Almost immediately from the time the TV series opened, the anime version of the Lovely Angels generated a substantial response among anime fans, with countless works of fan art in Japan, including cameo appearances in other series, and numerous doujinshi right up to the present day. Because of its relative emphasis on story-telling through action, rather than chiefly through dialogue, the Classic anime made a successful leap over the language barrier to the United States and Europe with its likeable characters and often clever comedy.
One of its early fans in America was a 1985 enrollee in the Joe Kubert School of Cartoon and Graphic Art named Adam Warren. After seeing some untranslated TV episodes over Christmas break that year, he thought the Lovely Angels would work well in an American comic-book format and began working on short graphic stories. On his own, he had no success in obtaining license rights, so the idea languished for a year. During 1987, by way of fellow artist Jim Hudnall. Warren's work came to the attention of anime and manga fan Toren Smith. On a visit to Japan, Smith approached Nihon Sunrise first with the comic-book idea; since the production company still had other DP projects under consideration at the time, they were not excited by the idea of granting an American license. However, Smith had also met Takachiho Haruka a few times in the past and suggested the idea to him; he granted his permission, making it clear that Sunrise and Studio Nue could have no objections, provided Warren did not use the anime character designs. With this legal restriction present, it actually left Warren free to try out his own artwork and story ideas. With his own dark, satiric sense of humor and influences from Masamune Shirow, Egawa Tatsuya, and a hot of other manga and anime influences, the American artist-writer created a third version of the Lovely Angels, leading to seven story series between 1988 and 2000.
During most of 1991-92, Takachiho published his fourth DP novel, as a way of ending the series in a blaze of glory. He had by this time also written eleven Crusher Joe novels and wanted to move on to other story series and project ideas. He put the Lovely Angels into "cold sleep" at the end of this story and announced at the 1992 SF WorldCon in Orlando, Florida that he would be quitting the space-opera genre.
Sunrise and Bandai Entertainment apparently had hopes of continuing with the Pair, however, and were able to convince Takachiho to assist with a new animated series to appear in 1994. Not being an author to repeat himself, he chose to re-imagine the "DP Concept". The basic idea of the two differing characters and their roles was kept, but Yuri and Kei were age-regressed to seventeen and became two girls who had not already been friends of long acquaintance when they started working together. The crux of this new version would be for these two antagonistic teammates to learn how to work together and overcome their differences. The stories were set forward into the year 2248, in the aftermath of a major Galactic war, leaving no question that this would be a completely new series, possibly in a different timeline. Because these Lovely Angels could change into their "battle outfits" in a transforming "flash sequence", this "new DP" was titled Daatipea Flash.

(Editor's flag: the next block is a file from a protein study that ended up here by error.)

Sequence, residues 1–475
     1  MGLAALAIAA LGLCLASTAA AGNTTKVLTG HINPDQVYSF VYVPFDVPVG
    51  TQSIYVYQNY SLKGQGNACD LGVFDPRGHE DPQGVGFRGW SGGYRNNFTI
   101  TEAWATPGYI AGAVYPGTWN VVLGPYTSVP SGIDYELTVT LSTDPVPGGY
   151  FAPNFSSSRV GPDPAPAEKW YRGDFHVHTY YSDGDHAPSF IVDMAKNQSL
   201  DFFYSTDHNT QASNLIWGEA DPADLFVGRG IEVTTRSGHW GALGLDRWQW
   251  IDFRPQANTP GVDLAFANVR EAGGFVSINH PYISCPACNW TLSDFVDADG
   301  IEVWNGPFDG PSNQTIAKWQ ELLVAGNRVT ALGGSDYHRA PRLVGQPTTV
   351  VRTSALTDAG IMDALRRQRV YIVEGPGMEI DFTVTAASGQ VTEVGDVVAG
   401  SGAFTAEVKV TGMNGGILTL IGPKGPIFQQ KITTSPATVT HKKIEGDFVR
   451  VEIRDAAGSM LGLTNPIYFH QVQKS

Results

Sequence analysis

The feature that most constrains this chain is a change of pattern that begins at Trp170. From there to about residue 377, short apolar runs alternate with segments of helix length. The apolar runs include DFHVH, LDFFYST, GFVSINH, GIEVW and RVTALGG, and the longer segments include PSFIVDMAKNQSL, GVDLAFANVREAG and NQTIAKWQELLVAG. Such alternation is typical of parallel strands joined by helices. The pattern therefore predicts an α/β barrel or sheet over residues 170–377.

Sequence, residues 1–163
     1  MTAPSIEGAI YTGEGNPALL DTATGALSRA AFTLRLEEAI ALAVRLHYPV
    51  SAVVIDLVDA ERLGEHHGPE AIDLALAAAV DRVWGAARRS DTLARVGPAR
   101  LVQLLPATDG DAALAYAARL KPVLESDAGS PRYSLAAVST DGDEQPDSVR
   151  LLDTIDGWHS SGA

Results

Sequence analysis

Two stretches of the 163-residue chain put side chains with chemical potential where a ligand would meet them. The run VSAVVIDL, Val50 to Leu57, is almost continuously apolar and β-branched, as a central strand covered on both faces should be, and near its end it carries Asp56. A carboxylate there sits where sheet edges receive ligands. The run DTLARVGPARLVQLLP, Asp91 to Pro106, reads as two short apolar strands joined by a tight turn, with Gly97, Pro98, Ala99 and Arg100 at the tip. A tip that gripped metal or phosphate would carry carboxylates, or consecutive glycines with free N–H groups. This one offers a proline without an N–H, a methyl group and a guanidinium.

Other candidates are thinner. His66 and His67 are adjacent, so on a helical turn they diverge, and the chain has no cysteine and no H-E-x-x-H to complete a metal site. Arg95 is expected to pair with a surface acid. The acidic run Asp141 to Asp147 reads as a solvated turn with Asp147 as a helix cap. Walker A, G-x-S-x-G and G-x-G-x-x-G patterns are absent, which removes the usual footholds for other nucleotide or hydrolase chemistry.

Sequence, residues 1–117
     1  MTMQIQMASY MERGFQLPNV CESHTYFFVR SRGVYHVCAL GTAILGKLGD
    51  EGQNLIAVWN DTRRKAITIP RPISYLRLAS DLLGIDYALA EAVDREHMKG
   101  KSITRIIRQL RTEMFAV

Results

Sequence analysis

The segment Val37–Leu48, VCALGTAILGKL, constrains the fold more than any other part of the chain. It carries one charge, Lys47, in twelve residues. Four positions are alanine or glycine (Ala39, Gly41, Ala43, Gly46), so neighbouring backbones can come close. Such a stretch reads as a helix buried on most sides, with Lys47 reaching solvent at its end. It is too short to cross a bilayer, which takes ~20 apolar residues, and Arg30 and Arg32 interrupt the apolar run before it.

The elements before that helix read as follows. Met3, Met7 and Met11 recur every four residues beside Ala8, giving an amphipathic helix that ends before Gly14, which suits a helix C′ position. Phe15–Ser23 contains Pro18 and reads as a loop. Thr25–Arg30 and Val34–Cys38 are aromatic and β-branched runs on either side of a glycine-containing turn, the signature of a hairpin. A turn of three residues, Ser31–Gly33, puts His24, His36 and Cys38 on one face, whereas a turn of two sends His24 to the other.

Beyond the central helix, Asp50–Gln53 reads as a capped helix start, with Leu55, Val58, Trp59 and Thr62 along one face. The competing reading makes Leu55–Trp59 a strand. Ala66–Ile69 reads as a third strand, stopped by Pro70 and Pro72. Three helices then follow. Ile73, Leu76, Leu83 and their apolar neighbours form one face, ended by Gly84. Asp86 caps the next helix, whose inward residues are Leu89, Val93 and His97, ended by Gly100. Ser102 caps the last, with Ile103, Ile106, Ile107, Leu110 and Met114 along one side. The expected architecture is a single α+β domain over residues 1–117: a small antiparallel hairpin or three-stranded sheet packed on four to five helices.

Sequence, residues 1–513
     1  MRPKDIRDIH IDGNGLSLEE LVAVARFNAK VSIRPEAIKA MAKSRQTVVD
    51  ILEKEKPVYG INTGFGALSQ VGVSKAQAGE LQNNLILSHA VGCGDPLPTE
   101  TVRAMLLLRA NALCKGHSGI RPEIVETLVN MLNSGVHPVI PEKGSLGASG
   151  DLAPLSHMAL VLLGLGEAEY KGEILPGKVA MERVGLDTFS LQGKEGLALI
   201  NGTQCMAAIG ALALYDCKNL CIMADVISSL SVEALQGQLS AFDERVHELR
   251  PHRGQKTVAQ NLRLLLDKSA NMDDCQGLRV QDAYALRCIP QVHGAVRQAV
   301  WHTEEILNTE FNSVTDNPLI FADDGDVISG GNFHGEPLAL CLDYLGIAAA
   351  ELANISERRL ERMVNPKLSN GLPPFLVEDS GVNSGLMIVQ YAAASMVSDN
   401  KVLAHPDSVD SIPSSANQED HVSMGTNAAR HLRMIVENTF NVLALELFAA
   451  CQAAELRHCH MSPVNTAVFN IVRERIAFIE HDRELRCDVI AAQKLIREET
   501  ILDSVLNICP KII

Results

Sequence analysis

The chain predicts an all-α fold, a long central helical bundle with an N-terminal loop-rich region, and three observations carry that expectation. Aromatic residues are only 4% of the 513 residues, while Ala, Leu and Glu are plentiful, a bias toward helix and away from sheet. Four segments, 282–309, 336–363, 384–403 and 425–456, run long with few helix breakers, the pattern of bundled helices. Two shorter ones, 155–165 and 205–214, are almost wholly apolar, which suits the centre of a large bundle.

Besides the three sets of episodes making sixteen in all, for which Takachiho wrote the dialogue, he also wrote stories and dialogue for four Stereo Drama albums,
as well as writing three DP Flash novels.
Two manga series were also sanctioned for Dengeki Comics, which were later compiled.
Takachiho didn't entirely leave the Lovely Angels behind after that. In 1997, the Microsoft Network commissioned a fifth original DP novel, which was made available on the Internet to members of MSN. To get around his having placed his characters in cold-storage, he set the novel two years earlier, when Kei and Yuri were rookie Tro-Cons and still learning their jobs. This story then appeared in print in 1998.
There is much more that can be told of these two women detectives and adventurers, which will be left for the other panelists today. The Lovely Angels have, in their twenty-five years, attained the status of popular icons, being immediately recognizable in Japan and appearing at times in public advertisements.
A vast amount of related merchandise has been marketed and, with the current nostalgia for the 1980s, there has been a revival of interest, particularly in the Classic anime characters. They continue to be celebrated in fan art,
fan fiction and cosplay.
The novels are comics are still in print and their animated stories are now widely available through satellite, digital video, and Internet distribution throughout most of the world.
Although individual fans have their own favorite version, the Dirty Pair are today more popular than ever before.
Epilogue: The preceding was put together and presented only a couple months before the announcement of the planned publication of a new DP novel by Takachiho, who has since returned to writing new adventures of Yuri and Kei and also of the Crushers.
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